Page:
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FAA loosens rules for electronic devices on aircraft

Fliers will soon be able to use e-devices such as readers and games throughout flights.

Oct. 31, 2013 - 06:00AM   |  
By BART JANSEN   |   Comments
FAA Administrator Michael Huerta discusses portable electronic device rules for flights during an Oct. 31 press conference at Ronald Reagan Washington National Airport in Arlington, Va. (Karen Bleier / Getty Images)

Airline passengers soon will be able to use portable electronic devices such as readers and games during takeoffs, landings and throughout flights, the Federal Aviation Administration announced Thursday.

Before the new rule takes effect, airlines must demonstrate that aircraft won’t be at risk because of potential interference from portable electronic devices.

That is expected to take place quickly and the devices approved for use by the end of the year in most of the nation’s airline fleet.

Connecting to the Internet remains prohibited when the plane is less than 10,000 feet in the air. Voice calls also are banned during the entire flight, under a Federal Communications Commission rule.

Passengers should continue to follow all instructions from flight crews regarding the use of the devices, FAA Administrator Michael Huerta said.

The decision follows a report Sept. 30 from a 28-member committee representing airlines, manufacturers, electronics makers, pilots and flight attendants.

“We found that we could protect aviation safety and at the same time address the passenger desire for use of their portable devices,” Huerta said. “The committee determined that most commercial airplanes can tolerate radio interference from portable electronic devices.”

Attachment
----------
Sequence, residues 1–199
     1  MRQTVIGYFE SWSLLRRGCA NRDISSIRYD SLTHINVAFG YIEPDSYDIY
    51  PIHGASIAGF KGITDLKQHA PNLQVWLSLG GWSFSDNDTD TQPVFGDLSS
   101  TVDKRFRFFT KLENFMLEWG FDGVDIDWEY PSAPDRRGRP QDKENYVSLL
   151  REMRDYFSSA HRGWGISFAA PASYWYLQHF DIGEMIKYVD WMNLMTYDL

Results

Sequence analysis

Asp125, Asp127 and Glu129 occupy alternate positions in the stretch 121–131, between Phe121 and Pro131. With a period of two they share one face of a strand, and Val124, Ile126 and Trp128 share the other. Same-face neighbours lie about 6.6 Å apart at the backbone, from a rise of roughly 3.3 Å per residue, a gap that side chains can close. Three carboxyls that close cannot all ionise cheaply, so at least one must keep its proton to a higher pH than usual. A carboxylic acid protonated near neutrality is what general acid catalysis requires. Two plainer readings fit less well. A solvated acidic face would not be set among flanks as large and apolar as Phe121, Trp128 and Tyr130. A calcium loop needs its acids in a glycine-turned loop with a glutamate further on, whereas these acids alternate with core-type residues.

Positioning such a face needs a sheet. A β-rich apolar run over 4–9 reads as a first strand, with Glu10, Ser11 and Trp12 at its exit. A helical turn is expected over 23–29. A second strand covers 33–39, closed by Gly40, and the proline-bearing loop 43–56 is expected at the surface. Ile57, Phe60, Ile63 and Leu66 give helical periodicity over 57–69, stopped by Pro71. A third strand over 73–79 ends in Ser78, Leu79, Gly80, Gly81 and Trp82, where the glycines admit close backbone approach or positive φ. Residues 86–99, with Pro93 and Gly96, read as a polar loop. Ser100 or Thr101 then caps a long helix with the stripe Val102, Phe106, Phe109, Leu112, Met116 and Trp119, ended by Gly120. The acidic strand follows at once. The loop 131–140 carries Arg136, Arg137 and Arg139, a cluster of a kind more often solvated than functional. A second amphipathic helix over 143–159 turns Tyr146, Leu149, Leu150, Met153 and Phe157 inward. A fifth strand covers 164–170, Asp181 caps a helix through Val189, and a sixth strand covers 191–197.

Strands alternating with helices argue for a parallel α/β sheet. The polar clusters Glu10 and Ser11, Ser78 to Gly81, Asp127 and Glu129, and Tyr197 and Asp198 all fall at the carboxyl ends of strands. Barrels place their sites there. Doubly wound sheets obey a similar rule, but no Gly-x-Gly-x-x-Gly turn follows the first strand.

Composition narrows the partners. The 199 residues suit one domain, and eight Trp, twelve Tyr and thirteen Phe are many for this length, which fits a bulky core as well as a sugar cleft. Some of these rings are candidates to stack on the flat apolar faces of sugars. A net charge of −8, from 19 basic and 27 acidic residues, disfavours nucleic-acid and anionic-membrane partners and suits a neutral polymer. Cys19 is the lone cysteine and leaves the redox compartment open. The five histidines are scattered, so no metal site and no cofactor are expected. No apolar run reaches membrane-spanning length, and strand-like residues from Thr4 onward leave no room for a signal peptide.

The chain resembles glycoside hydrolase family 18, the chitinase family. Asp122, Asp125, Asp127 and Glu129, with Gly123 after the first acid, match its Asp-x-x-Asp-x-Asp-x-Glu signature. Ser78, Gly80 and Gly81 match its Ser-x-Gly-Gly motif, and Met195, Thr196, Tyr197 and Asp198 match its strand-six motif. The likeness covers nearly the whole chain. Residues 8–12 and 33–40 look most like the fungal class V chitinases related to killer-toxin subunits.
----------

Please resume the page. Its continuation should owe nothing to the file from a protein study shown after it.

The announcement marks a change in 50-year-old policy restricting the use of electronics aboard aircraft, even as they became much more popular in recent years.

“We believe today’s decision honors both our commitment to safety and consumers’ increasing desire to use their electronic devices during all phases of flight,” Transportation Secretary Anthony Foxx said.

Thursday’s decision marks a major change for passengers eager to keep reading an electronic book, listen to music or play a game while the plane is less than 10,000 feet in the air, when those activities have been prohibited.

The prohibition against electronics began decades ago because of concerns about interference with cockpit communications and navigation equipment. But passengers have sought easier use of their gadgets as electronics became more widespread and aircraft equipment less susceptible to stray signals.

Flight attendants welcomed the opportunity to ease enforcement of the prohibition against gadgets. Laura Glading, president of the Association of Professional Flight Attendants, said the change in rules will benefit passengers and crew members.

“Once the new policy is safely implemented — and we’re going to work closely with the carrier to do that — it will be a win-win,” Glading said. “We’re frankly tired of feeling like ‘hall monitors’ when it comes to this issue.”